Green tea supplements may benefit skin from within


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Green tea supplements may benefit skin from within

Related tags Green tea Catechin

Oral supplements containing extracts from green tea may help protect against sunburn and the longer-term effects of UV damage, says a new study from the UK.

Skin levels of green tea catechin compounds increased following oral supplementation for 12 weeks, and these increased levels were associated with significantly lower levels of inflammatory markers when skin was exposed to UV radiation, according to findings published in the British Journal of Nutrition​.

“Our data provide the first evidence that green tea catechins can be taken up into the skin following oral intake in human subjects and indicate their complex skin incorporation pattern,” ​wrote researchers from the Universities of Manchester, Bradford, and Leeds.

“Significant reduction was found in the cutaneous UVR erythema dose–response, with greatest effect at higher doses, and this reduced inflammation may be attributable to the associated significant abrogation of UVR up-regulation of the potent pro-inflammatory 12-LOX metabolite, 12-HETE.”

Tea benefits

The study adds to the list of potential health benefits of green tea and the compounds it contains.

The majority of science on tea has looked at green tea, with benefits reported for reducing the risk of Alzheimer's and certain cancers, improving cardiovascular and oral health, and helping with weight management.

Green tea contains between 30 and 40% of water-extractable polyphenols, while black tea (green tea that has been oxidized by fermentation) contains between 3 and 10%. Oolong tea is semi-fermented tea and is somewhere between green and black tea. The four primary polyphenols found in fresh tealeaves are epigallocatechin gallate (EGCG), epigallocatechin (EGC), epicatechin gallate (ECG), and epicatechin (EC).

Study details

Led by The University of Manchester’s Lesley Rhodes, the researchers recruited 14 healthy human subjects (average age of 42.5, 12 women) with fair skin (phototype I/II) and gave them low-dose green tea catechin supplements at a daily dose of 540 mg in combination with a daily vitamin C dose of 50 mg for 12 weeks. The supplements were provided by Nestec Limited.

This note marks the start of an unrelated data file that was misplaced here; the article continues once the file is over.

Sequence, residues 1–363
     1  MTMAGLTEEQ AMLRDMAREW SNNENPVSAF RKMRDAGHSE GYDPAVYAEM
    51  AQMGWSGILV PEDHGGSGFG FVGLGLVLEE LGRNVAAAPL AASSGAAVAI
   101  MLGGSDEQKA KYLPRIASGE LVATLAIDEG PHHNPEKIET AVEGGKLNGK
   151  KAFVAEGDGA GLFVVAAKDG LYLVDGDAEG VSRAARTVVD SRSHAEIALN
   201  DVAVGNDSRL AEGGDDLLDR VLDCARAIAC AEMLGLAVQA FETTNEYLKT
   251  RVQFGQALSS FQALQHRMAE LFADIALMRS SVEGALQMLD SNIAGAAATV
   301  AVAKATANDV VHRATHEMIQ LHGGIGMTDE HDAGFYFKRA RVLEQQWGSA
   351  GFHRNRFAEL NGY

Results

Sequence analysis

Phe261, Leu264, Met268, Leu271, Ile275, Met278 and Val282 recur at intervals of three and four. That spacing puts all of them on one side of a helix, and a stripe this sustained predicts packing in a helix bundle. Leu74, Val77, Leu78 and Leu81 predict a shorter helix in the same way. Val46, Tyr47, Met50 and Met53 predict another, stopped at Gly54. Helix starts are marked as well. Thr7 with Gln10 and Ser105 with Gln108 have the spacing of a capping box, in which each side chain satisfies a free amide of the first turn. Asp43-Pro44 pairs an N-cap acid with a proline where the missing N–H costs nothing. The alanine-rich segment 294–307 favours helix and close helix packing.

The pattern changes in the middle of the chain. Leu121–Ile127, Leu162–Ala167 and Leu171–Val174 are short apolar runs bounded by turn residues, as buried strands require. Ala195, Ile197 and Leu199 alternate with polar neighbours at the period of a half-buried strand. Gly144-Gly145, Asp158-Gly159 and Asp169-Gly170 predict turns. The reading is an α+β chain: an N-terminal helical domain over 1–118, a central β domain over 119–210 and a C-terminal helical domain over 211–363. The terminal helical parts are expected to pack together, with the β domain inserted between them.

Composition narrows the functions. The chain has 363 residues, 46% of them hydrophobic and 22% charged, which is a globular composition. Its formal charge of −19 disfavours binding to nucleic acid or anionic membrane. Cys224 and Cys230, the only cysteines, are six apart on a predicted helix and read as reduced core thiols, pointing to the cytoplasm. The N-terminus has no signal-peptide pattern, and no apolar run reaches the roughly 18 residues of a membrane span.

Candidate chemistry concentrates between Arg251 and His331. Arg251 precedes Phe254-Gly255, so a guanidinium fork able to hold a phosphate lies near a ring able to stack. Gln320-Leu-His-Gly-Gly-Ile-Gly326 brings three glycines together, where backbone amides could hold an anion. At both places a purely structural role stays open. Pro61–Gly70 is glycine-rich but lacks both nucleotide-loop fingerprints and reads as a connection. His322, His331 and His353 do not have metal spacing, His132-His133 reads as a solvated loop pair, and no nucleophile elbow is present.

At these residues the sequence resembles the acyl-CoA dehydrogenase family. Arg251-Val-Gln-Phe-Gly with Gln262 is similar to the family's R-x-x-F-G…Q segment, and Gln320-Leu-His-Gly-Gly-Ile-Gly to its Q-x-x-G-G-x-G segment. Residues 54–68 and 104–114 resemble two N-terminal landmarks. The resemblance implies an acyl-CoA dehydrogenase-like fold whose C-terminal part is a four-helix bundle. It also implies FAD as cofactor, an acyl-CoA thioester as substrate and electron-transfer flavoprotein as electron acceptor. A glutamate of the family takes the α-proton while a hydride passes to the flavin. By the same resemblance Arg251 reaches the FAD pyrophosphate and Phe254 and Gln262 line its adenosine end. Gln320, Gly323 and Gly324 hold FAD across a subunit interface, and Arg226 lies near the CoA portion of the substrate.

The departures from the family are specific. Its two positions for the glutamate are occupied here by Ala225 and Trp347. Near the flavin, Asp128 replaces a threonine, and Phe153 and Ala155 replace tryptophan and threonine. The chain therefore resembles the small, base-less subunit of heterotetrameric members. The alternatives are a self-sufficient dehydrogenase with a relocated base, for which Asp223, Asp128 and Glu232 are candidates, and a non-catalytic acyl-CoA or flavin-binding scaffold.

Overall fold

“Since one large cup of green tea (250 ml) contains approximately 300 mg of catechins (EC, ECG, EGC and EGCG), then the modest level of green tea catechins intake in the present study, i.e. approximately 540 mg, is seen to be readily achievable in daily life, and this is already consumed in many parts of the world,” ​they explained.

The effects of the supplements were tested before and after supplementation by exposing buttock skin to UVR and quantifying the level of sunburn (erythema).

Results showed that levels of metabolites of green tea catechins increased in skin fluids after supplementation.

In addition, erythema levels were reduced after the 12 week supplementation period, added Rhodes and her co-workers.

The markers of inflammation, PGE2 and 12-HETE, were both found to be increased by UV exposure, but the 12-HETE levels were reduced by the supplements. No effect on PGE2  was observed.

“Thus, green tea catechin intake results in the incorporation of catechin metabolites into human skin associated with abrogated UVR-induced 12-HETE; this may contribute to protection against sunburn inflammation and potentially longer-term UVR-mediated damage,” ​wrote the researchers.

“Manipulation of pro-inflammatory signaling pathways through supplementation with nutritional bioactives is an attractive strategy for photoprotection in human subjects and may represent a complementary approach to topical sunscreens, which are infrequently and generally poorly applied.”

Source: British Journal of Nutrition
Published online ahead of print, FirstView Articles, doi: 10.1017/S0007114512006071
“Oral green tea catechin metabolites are incorporated into human skin and protect against UV radiation-induced cutaneous inflammation in association with reduced production of pro-inflammatory eicosanoid 12-hydroxyeicosatetraenoic acid”
Authors: L.E. Rhodes, G. Darby, K.A. Massey, K.A. Clarke, T.P. Dew, M.D. Farrar, S. Bennett, R.E.B. Watson, G. Williamson, A. Nicolaou

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